How much did the markets rally? Per another report: “The Dow rallied 3.3% to 24,433.16, with the S&P 500 Index rising 3.4% to 2,531.94. Technology stocks, which have been especially volatile in recent months, were among the biggest gainers. The Nasdaq composite rose 4.3% to 6,738.86.”
Matt Maley, an equity strategist at Miller Tabak & Co., noted: “No matter what the Fed’s going to do this year, today’s number showed that even though the Fed may still raise rates once or twice this year, it showed that a recession is still not very likely this year. Recessionary fears were really starting to grow but today’s number eased those fears.”
If the report was so rosy, why are analysts concerned?
Unfortunately, there is one issue, the elephant in the room, so to speak, which few are discussing – While economic results are appealing, deficits and debt are soaring. From a global perspective, the following data trend is more than alarming:
In previous economic cycles, growth has typically had a counter-balancing relationship with debts and deficits. If there were bad times, stimulus programs were implemented, but debts and deficits were incurred. When the growth came, tax revenues and spending would rebound, driving down the liability side of the balance sheet. Such has not been the case with our long drawn out, central bank mandated type of recovery. Growth and debts and deficits have spiraled together.
Rising interest rates and global central banks having to normalize their bloated balance sheets will immediately bring focus to this very issue. One economist has gone so far as to consider a thought experiment as to how the debt will or will not be dealt with: “With debts being larger than assets and dwarfing cash flows – whether that is on a household, corporate, state or government level – and you then try to deleverage, which effectively is what balance sheet normalization is, asset values ultimately go to zero, all else equal. When push comes to shove, I highly doubt any politician or central banker will be willing to take the pain of deleveraging this pile of debt.”
What is the alternative? Allowing inflation to run rampant is one way to bring the books back in line, but it, too, would be very painful medicine. Some analysts reason that the pain is already on the way. December was but one example in the equity sector. As QT proceeds, the consequences, which have been hotly debated for the past year, will make themselves known post haste. Although rising interest rates may be a contributor, critics point to the “pain” in the following chart as what could worsen in the wake of more quantitative tapering by the Fed, the ECB, and the BoJ:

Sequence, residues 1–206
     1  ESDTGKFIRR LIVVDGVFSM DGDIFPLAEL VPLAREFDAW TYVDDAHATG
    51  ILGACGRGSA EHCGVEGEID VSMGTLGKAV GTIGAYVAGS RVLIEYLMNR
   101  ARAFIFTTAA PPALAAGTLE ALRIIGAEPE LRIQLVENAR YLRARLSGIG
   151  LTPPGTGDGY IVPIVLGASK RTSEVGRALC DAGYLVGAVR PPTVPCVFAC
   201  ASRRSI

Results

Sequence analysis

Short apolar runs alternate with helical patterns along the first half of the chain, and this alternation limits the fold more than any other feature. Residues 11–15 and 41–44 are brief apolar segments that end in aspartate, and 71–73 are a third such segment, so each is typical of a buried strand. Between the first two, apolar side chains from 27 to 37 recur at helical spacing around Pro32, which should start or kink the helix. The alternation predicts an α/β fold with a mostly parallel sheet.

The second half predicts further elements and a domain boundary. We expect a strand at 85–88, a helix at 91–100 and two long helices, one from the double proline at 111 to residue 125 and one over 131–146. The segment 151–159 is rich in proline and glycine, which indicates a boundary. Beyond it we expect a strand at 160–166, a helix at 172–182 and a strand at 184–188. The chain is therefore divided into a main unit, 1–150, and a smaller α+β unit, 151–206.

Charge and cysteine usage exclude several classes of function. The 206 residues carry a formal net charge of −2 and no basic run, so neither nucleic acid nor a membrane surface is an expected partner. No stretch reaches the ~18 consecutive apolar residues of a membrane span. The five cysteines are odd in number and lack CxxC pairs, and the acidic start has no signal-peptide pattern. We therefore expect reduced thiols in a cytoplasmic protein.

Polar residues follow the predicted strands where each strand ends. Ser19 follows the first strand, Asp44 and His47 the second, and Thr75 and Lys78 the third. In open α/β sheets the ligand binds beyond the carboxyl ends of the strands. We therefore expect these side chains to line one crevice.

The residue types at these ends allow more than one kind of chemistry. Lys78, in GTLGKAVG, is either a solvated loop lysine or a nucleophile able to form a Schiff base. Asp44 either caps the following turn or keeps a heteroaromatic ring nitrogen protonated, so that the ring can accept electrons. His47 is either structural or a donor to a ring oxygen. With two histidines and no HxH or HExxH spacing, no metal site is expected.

As the argument goes, QE programs were designed to infuse an enormous amount of liquidity into the marketplace, the idea being that, if bonds were purchased, the resulting cash flows would be invested in risk assets, thereby creating jobs and a recovery. The process was to be temporary, but it has lasted a decade. Inflation has been kept in check, although every economist was sure that it would be a major problem. The problem was that deflation was worrisome, and debt loads escalated.
The impact of more debt is simple. It robs potential growth in the future by diverting funds that would normally be invested. The Congressional Budget Office (CBO) is already projecting sub-2% GDP growth in 2020 and to stay in that range over the next eight years. Deficits will balloon, and the Treasury will have to rev up the printing presses to keep pace. It is not a pretty picture, if you buy into this logical scenario.
As the narrative forms, one premise is widely accepted – the USD will weaken.
During 2018, the most crowded trade in town was the long-Dollar position. The above scenario, whether you accept it or allow for normalization of interest rates and asset-purchase programs, would suggest that a 180-degree change might be in order. While each investment house or global banking department publishes its economic narrative for 2019 over the next month, for the ones that have there is one common ground – each one forecast the U.S. Dollar weakening.
Is it time to short the Dollar? With both Europe and Japan stuck in lower gears for whatever reasons and China still searching for a formula that works for its future, it is difficult to abandon the importance of monetary policy divergence in favor of anything else. Yes, the USD Index has pulled back from 97.5 to 95.5, but can it really descend below 90 in the near-term? Analysts are pegging the next 3-6 months as critical, but there tend to be too many moving parts to allow for accuracy in forecasting foreign exchange rates.
Last week ended with financial markets celebrating, but last week is over. Analysts believe the jobs report eased recessionary fears for 2019. Powell also put minds at ease that the Fed can and will be flexible. China trade talks, a slowing economy, and excessive debt loads, however, still remain.
Is it time to short the USD? There will come a time, but the long trade is now so overloaded, that even a minor shift may cause an avalanche of opportunity.